Day-trip to Manuel Antonio
Our day began at around 7am when we walked downtown to grab some pastries and empanadas for breakfast before catching the bus to Quepos. We were heading to Manuel Antonio National Park for the day. I travelled with Moe and Viola, a couple from Germany/Austria. They were our first ever guests at the hostel. After they traveled down south for a few days they decided it was too perfect at Room2Board, so they decided to come back for an extended stay.
The bus ride to the park had great views and I was lucky enough to have a window seat. When we arrived we were greeted by one of the most incredible white sand beaches I have ever seen, accompanied by a backdrop of vibrant green foliage lining the immaculate sand. The water was tranquil and it was a perfect atmosphere for ultimate relaxation. But we came to the park to hike around and see the wildlife, not to be lazy on the beach, even though at the time either option seemed perfectly fine.
Not more than 10 minutes into the park we spotted a sloth lounging in the trees. At first glance, I didn’t even recognize that it was a living creature. It looked just like a ball of hair tucked away in a branch. We stood and stared for several minutes to wait for some sort of movement, but those things are so lazy I’m sure that it’s still in the same branch as we speak.
Another five minutes later we heard some rustling branches and a cloud of leaves descend from above. A group of white face monkeys were curiously roaming around us. At one point, I was standing no more than 5 feet from one of the monkeys as he sat in the tree and enjoyed the attention. There were probably around seven or eight just wandering around us. Not too long after we spotted them a large group of tourists came from behind, so it was time for us to move on.
As we continued on, we saw one more sloth sleeping in a distant branch. It was just so cool being surrounded by so much wildlife pulsating through the jungle. There was never a dull moment. We eventually reached another pristine beach. Here we decided to take a thirty minute break to cool down in the aqua blue ocean. In the distance there were scattered islands, which added even more aesthetic beauty to the scenery. National Geographic ranked this beach among the best on the pacific coast, and it was clear as soon as we arrived how it earned its reputation. The leaves of the palm trees along the beach were illuminating from the sun’s gleam, and the wind would gently blow through causing the leaves to sway. It created a surreal picturesque moment.
However, there was one peculiar thing to avoid while lounging on the beach. A Manchineel Tree, known in Spanish as the Manzanilla De La Muerte; little apple of death. They’re found in coastal areas of Central America and the Bahamas.
The tree contain strong toxins, some unidentified. Its milky white sap contains skin irritants, producing strong allergic dermatitis. Standing beneath the tree while it releases its toxins will cause severe blistering of the skin on contact. Burning the tree may cause blindness if the smoke reaches the eyes. The fruit is said to be possibly fatal if eaten. Signs were clearly marked along the beach, or with a giant X on the tree. If you’re unobservant however, than you are straight out of luck. The ancient tribes of the rain-forest would use the poison from this tree on the tips of their darts or spears to ensure a slow and painful death to their victims. Needless to say, we sat under a different tree for shade.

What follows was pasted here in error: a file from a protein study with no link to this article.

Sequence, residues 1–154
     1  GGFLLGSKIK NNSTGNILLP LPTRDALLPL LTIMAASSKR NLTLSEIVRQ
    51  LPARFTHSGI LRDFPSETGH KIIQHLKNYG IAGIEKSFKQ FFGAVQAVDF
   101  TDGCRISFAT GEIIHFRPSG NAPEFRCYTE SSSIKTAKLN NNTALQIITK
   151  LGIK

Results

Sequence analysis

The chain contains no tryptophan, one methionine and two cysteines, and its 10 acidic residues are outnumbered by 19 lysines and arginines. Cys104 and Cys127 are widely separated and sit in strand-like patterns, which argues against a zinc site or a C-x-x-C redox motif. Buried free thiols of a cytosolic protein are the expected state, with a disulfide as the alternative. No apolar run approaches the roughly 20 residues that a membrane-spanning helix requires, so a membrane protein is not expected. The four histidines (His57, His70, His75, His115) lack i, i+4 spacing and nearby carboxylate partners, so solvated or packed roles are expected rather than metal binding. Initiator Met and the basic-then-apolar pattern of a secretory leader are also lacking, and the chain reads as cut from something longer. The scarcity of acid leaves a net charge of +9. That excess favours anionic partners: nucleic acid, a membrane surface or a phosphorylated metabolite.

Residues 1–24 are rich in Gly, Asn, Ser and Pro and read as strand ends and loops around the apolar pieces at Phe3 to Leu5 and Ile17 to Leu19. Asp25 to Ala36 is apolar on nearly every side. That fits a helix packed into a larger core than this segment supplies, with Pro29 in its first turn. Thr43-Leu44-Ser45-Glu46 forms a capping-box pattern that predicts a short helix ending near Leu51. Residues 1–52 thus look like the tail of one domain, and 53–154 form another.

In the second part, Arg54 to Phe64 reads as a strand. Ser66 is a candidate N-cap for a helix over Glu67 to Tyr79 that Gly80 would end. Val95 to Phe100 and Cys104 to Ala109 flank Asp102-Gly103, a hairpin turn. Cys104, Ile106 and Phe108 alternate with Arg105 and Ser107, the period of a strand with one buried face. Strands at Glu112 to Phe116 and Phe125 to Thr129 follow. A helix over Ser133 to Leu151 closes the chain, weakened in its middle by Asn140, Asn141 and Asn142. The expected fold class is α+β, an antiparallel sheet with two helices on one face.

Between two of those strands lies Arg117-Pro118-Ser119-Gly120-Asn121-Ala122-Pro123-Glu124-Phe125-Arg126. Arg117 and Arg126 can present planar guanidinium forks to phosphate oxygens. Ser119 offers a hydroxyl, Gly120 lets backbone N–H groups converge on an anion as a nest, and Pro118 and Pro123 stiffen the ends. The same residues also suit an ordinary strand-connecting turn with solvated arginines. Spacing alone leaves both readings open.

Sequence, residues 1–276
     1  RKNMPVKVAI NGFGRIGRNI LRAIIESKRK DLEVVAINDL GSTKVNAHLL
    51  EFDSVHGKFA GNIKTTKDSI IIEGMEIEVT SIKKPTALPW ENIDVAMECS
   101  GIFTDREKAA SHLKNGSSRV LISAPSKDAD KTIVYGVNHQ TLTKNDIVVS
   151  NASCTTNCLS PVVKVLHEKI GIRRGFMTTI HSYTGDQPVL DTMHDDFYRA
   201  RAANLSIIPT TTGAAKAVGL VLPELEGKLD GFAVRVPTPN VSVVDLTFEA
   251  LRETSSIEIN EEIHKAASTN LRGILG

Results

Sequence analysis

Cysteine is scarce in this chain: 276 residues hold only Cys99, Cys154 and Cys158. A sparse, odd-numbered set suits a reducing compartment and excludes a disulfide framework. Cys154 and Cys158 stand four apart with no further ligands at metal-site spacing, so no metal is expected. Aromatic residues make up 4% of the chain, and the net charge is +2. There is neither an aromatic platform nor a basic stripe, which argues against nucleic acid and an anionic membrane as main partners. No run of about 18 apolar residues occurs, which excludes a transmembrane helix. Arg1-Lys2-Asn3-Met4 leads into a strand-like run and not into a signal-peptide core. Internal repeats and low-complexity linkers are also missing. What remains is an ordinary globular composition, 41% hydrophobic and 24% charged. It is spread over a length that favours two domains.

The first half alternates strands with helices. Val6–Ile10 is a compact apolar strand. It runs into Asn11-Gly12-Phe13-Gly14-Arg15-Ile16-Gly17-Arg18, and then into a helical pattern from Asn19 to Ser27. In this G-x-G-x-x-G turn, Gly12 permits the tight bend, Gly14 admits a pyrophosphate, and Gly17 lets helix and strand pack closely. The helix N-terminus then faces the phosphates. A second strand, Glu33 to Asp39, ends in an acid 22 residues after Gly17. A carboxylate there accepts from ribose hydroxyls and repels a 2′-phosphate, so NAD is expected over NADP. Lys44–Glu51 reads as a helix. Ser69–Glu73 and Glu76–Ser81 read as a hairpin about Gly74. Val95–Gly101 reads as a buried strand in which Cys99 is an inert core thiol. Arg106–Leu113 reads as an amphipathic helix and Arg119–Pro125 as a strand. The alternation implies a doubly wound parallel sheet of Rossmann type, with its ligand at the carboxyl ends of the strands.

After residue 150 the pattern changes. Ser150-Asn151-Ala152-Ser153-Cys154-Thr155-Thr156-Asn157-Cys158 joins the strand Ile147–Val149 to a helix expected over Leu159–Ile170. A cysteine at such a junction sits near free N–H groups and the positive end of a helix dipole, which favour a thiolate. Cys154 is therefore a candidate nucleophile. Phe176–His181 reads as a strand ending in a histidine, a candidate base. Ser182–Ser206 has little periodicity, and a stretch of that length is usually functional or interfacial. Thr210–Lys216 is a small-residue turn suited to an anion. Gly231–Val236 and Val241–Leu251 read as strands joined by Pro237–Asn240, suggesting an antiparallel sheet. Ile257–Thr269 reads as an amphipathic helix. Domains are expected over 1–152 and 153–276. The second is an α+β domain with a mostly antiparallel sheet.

Once we finished swimming and relaxing, we continued to hike around the peninsula. The jungle maintained its lively energetic state as we spotted many lizards, geckos, exotic birds, and insects. Along the peninsula there were so many fantastic viewpoints to stop and just take in the surroundings. When we completed the loop, we stopped at the final beach and just hung out until it was time to catch the bus home. We hung out here for about a half an hour, but we still had about another 30 minutes to get through the final trek. Along this route, we saw a flock of pelicans; a.k.a “The Costa Rican Air Force” diving into the ocean only about 10 yards off the shore. Within seconds, a school of thousands of fish started splashing and jumping around along the coast in a chaotic manner. We were surprised that so many fish were so close to the shore, but it was lunchtime for the pelicans and we watched as they feasted. We started to smell the scent of fish as they were picked off one by one. It was a truly incredible sight.
The final obstacle was a small river flowing into the ocean. It was fairly shallow, but the nearby sign read “Caution: Crocodile Habitat.” This raised an alarm, because not more than twenty yards away were two crocodiles blocking the path. We decided the best way to cross was to jump along their backs and pray they didn’t wake up. I crossed first, but Moe and Viola never made it. RIP.
Nawww I’m just kidding. We did see crocodiles in the river though, but we were close enough to the ocean that it wasn’t a problem. We walked maybe 40 yards up the river to see the crocodiles. These prehistoric creatures are quite a sight to see in real life. We kept our distance.
We caught the bus home and slept most of the way. What a great way to spend the day though. It was easy, affordable, and 100% worth it. We were home by 4:30 P.M, just in time to pick up beers and catch the sunset on the roof of Room2Board. No complaints.